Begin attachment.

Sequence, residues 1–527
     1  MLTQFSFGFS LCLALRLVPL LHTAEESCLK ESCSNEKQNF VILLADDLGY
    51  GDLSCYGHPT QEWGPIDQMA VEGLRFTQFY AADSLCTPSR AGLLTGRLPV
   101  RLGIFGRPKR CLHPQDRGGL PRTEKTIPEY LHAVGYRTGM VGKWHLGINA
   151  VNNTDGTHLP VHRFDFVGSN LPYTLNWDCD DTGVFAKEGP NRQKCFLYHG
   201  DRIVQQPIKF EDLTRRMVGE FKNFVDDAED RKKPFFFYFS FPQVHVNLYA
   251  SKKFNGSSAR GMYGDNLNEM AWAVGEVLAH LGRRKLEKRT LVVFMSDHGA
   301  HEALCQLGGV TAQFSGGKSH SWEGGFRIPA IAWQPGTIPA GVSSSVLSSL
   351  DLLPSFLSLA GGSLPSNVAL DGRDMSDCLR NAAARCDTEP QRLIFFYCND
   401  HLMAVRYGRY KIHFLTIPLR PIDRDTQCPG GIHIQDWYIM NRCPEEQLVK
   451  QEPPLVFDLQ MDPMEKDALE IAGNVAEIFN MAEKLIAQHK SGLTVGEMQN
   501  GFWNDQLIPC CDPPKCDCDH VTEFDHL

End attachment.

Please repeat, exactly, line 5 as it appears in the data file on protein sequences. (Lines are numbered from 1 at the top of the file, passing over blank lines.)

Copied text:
   151  VNNTDGTHLP VHRFDFVGSN LPYTLNWDCD DTGVFAKEGP NRQKCFLYHG